Demand for industrial property in the United States grew at an annualized rate of slightly more than 1 percent in the third quarter, indicating continued tepid demand for industrial space, according to a study released Wednesday by the NAIOP Research Foundation, formerly the National Association of Industrial and Office Properties.
According to the report, the annualized growth rate of 1.16 percent in the third quarter was in line with the forecast of 1 percent growth and is consistent with readings during the past several quarters, which have ranged between 1.0 and 1.26 percent, the report said.
The current annualized rate of growth in the quarter is at the low end of the historical norms of 1 to 2 percent a year. The findings correlate with the sub-par growth characteristic of the U.S. economy, according to the report.
Despite that, the quarter marks the fifth consecutive quarter of positive growth in industrial demand, following seven prior quarters of deep contractions, the report said.
The report predicted that industrial demand would show continued stagnation, a troubling sign for the category heading into 2012. Demand in the fourth quarter will grow at a 1.09-percent annualized rate, which again is at the low end of the historical range, the report said.
Strong demand growth isn't expected until next year, and that is contingent upon the overall economy's expanding at a normalized rate, the report said.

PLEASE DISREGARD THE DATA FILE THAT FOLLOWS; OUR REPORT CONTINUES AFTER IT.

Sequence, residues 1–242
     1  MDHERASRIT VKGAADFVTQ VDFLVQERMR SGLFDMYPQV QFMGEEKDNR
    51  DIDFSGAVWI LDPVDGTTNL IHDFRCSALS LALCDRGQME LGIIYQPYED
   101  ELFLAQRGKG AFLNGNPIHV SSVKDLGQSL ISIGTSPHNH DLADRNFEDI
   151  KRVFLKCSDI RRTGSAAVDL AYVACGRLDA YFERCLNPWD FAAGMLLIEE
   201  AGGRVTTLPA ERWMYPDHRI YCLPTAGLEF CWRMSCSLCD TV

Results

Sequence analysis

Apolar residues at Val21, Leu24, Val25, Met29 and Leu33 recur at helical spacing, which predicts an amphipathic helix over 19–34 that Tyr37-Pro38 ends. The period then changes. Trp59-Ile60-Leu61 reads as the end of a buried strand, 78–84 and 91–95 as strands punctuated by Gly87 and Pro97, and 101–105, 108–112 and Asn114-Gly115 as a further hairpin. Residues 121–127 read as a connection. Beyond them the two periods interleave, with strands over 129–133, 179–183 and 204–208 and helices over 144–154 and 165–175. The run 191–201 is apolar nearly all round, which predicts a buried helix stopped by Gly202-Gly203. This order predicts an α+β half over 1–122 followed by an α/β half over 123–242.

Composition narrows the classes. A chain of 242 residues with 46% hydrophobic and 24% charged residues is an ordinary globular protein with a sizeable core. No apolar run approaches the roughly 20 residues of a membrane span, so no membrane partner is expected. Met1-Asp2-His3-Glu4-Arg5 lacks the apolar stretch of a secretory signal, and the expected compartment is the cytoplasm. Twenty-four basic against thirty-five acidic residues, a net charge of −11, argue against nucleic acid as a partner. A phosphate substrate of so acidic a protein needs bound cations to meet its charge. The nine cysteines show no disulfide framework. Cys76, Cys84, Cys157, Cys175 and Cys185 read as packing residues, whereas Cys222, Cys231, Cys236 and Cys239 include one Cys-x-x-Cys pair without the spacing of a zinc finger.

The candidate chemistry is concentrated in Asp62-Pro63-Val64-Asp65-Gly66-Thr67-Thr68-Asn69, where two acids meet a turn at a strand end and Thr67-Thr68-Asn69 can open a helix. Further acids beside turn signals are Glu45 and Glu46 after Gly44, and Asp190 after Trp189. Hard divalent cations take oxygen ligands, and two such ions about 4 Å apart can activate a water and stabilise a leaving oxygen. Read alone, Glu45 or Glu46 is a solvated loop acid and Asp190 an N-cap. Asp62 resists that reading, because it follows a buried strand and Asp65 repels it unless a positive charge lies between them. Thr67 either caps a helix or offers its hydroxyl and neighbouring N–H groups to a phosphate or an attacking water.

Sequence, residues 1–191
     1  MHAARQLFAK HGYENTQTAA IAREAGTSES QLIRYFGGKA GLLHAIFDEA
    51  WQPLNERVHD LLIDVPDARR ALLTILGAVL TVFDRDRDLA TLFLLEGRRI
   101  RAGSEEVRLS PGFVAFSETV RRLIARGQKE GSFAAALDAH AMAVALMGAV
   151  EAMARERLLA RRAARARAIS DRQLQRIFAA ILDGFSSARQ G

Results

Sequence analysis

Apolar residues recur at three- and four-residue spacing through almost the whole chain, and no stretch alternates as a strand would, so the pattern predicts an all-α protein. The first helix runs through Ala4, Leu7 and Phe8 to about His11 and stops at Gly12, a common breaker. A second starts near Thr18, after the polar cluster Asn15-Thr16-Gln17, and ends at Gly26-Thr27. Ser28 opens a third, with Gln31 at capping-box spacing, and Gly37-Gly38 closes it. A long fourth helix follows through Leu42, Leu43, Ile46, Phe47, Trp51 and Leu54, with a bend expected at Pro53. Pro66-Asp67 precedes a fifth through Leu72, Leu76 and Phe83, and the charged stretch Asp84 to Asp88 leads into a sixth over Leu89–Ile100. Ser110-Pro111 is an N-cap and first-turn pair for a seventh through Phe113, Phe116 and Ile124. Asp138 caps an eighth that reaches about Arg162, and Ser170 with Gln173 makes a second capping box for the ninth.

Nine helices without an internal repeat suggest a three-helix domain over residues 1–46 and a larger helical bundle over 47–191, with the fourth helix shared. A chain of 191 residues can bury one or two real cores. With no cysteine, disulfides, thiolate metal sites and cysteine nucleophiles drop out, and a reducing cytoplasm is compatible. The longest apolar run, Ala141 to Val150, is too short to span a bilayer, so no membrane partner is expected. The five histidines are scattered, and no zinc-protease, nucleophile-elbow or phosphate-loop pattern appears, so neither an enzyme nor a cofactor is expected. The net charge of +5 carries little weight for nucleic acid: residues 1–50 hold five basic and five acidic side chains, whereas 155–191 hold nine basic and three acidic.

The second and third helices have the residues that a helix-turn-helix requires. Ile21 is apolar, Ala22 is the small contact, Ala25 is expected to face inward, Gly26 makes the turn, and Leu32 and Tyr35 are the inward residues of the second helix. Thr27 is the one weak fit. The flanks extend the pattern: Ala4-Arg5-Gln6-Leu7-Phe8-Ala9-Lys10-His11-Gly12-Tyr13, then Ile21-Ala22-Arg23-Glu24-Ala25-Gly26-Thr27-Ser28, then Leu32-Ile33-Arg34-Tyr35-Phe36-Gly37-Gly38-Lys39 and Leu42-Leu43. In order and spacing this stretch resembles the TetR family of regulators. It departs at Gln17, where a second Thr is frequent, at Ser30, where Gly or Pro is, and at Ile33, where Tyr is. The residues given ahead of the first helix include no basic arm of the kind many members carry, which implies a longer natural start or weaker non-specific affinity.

"Sluggish industrial demand signifies that the industry, and this property sector in particular, are reliant on much-needed growth in the national economy," said Thomas J. Bisacquino, NAIOP president and CEO, in a statement. "Although minimal, the positive growth industrial [space] has experienced during the past several quarters is a small sign of optimism. It is evident that the industry won't return to more normal rates of growth until the overall economy stabilizes and businesses begin to spend again."
Joanne Bestall, a representative for real estate and logistics services giant Jones Lang LaSalle (JLL), said her firm agrees with the NAIOP assessment. Her comments were echoed by Stephen F. Blau, senior director at Wayne, Pa.-based real estate advisory firm Newmark Knight Frank Smith Mack. "There has been a marginal improvement in net absorption—and a reduction in vacancy—but without any discernable improvements in rental rates, or selling pricing," Blau said.
Net absorption is defined as the amount of space being leased relative to the space being returned to the market.
The NAIOP forecast is based on Purchasing Manager Index (PMI) data provided by the Institute for Supply Management (ISM), Index of Manufacturing Output (IMO) data provided by the Federal Reserve Board, and data on "net absorption" provided by real estate giant CB Richard Ellis Econometric Advisors.